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A comparative analysis of different types of franchises

A franchise is a business format that allows you to operate under the name and trademark of an existing company. For example, if you open a Amul franchise, you’re operating under the same name as all other Amul locations. However, you’re not necessarily required to buy your products from the parent company — you can purchase from any supplier.

However, there are many different kinds and categories of franchise and it might get confusing for you if you are looking to get into franchising. So here is a quick introduction to the various types of franchises:

  • Job-Franchise

A job franchise is a business where you can purchase the right to sell a product or service in a specific area. In this type of franchise, you buy the rights to sell a specific brand name and its associated products or services within a certain region. You also receive training from the franchisor on how to run your business, as well as ongoing support from him/her. Most job franchises are very lucrative because they have an established customer base and name recognition. The downside is that it may be difficult for you to expand beyond your territory unless you find another region that needs your services.

  • Product(or distribution) franchise

Product(or distribution) franchise – Product franchises sell products or services using the company’s brand name and logo. Examples include McDonald’s restaurants, Subway sandwich shops and Cold Stone Creamery ice cream stores. In exchange for using the company’s name, product franchisees pay royalties based on sales volume back to the franchisor each month. Distribution franchises work similarly to product franchises except their products are sold wholesale rather than retail. This means that instead of selling burgers at a restaurant location, they sell them to other restaurants which then resell them to customers under their own brands.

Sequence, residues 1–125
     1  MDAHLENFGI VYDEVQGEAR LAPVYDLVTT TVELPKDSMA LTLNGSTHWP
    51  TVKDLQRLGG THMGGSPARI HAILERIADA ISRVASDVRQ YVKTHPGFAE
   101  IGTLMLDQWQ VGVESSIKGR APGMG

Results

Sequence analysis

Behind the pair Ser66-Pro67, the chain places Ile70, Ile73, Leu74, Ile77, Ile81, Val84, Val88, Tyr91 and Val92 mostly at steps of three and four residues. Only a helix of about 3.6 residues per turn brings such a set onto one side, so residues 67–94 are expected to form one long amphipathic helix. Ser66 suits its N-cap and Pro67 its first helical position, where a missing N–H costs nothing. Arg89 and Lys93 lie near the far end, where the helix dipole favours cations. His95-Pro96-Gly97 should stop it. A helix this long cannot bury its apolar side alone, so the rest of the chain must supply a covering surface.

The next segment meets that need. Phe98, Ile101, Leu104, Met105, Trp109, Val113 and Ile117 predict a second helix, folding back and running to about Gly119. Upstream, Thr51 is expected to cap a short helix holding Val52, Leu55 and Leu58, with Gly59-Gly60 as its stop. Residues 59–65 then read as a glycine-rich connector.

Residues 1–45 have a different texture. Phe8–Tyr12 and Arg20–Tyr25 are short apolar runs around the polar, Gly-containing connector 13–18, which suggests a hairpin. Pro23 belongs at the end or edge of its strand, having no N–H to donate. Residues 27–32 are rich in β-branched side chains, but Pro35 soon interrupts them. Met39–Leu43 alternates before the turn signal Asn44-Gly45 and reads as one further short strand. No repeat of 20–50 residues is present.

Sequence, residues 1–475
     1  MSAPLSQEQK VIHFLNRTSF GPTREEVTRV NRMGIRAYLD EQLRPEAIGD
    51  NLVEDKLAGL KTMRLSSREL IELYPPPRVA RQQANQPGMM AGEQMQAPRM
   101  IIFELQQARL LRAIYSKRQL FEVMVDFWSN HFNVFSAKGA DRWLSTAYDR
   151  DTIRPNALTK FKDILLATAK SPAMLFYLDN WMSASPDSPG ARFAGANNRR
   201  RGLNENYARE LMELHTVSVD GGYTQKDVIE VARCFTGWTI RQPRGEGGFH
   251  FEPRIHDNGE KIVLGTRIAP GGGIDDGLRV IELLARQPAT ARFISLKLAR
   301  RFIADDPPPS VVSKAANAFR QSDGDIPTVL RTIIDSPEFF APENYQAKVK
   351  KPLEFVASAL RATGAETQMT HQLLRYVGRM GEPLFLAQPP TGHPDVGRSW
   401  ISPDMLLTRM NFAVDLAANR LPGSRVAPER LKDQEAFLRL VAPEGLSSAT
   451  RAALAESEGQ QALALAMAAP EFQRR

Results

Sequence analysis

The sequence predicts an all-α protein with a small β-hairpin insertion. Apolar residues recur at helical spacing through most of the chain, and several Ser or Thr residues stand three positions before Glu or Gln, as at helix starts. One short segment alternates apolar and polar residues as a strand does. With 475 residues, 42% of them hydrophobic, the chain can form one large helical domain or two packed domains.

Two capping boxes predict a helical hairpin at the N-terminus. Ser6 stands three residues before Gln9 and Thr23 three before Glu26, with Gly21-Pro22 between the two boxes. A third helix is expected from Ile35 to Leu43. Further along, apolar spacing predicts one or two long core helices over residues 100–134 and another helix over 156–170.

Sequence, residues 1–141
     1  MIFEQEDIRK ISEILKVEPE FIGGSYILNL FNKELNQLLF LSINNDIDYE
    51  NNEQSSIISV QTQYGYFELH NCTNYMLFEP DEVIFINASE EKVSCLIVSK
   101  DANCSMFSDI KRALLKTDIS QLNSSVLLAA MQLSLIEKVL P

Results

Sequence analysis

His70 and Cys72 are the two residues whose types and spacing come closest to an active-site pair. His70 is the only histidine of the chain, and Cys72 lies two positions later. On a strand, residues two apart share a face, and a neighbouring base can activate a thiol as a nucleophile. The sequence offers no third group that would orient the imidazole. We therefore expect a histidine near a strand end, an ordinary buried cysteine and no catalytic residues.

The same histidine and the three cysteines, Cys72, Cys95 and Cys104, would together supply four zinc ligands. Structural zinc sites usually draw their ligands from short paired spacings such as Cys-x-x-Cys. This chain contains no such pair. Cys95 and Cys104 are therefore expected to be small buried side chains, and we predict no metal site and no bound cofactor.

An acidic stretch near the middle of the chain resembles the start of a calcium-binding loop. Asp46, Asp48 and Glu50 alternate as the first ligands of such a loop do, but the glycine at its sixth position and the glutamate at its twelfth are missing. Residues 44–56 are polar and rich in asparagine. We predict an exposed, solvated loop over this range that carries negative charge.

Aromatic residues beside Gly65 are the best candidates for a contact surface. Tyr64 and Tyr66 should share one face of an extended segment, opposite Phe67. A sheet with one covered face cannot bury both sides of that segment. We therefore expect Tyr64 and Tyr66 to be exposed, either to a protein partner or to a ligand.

• Business format franchise

A business format franchise gives entrepreneurs access to an entire business model including its name, logo, marketing materials, procedures and methods of operations — most often related to the franchisor’s core product or service. Franchisees purchase this all-inclusive package from the franchisor in exchange for a fee (the initial investment) and ongoing royalty payments (the ongoing investment).

Business format franchises are ideal for individuals who have no experience or training in a particular industry but who want to start their own business. They’re also good for people who want to work within an existing brand and leverage their expertise in another market or location.

  • Investment franchise

Investment franchises are those that require a significant financial investment to get started. In addition to the franchise fee, you may also have to pay for training or other services that help you get up and running. This is in contrast with conversion franchises, which do not require any upfront costs. You simply pay a fee when you join the network and then start building your business from there. You could see this when you look up dunkin donuts or mcdonald’s franchise cost.

  • Conversion franchise

A conversion franchise is similar to an investment franchise in that you’re buying into an existing system. However, with a conversion franchise, you don’t own any trademarks or intellectual property as part of your purchase agreement — rather, you acquire an established business that’s already up and running with its own brand recognition and customer base. Conversion franchises can be great for people who want to start their own business but don’t want to reinvent the wheel; they just need help getting started. These types of franchises often offer lower startup costs than investment franchises do because they don’t require as much initial capital investment on your part (though they still have other costs associated with them).

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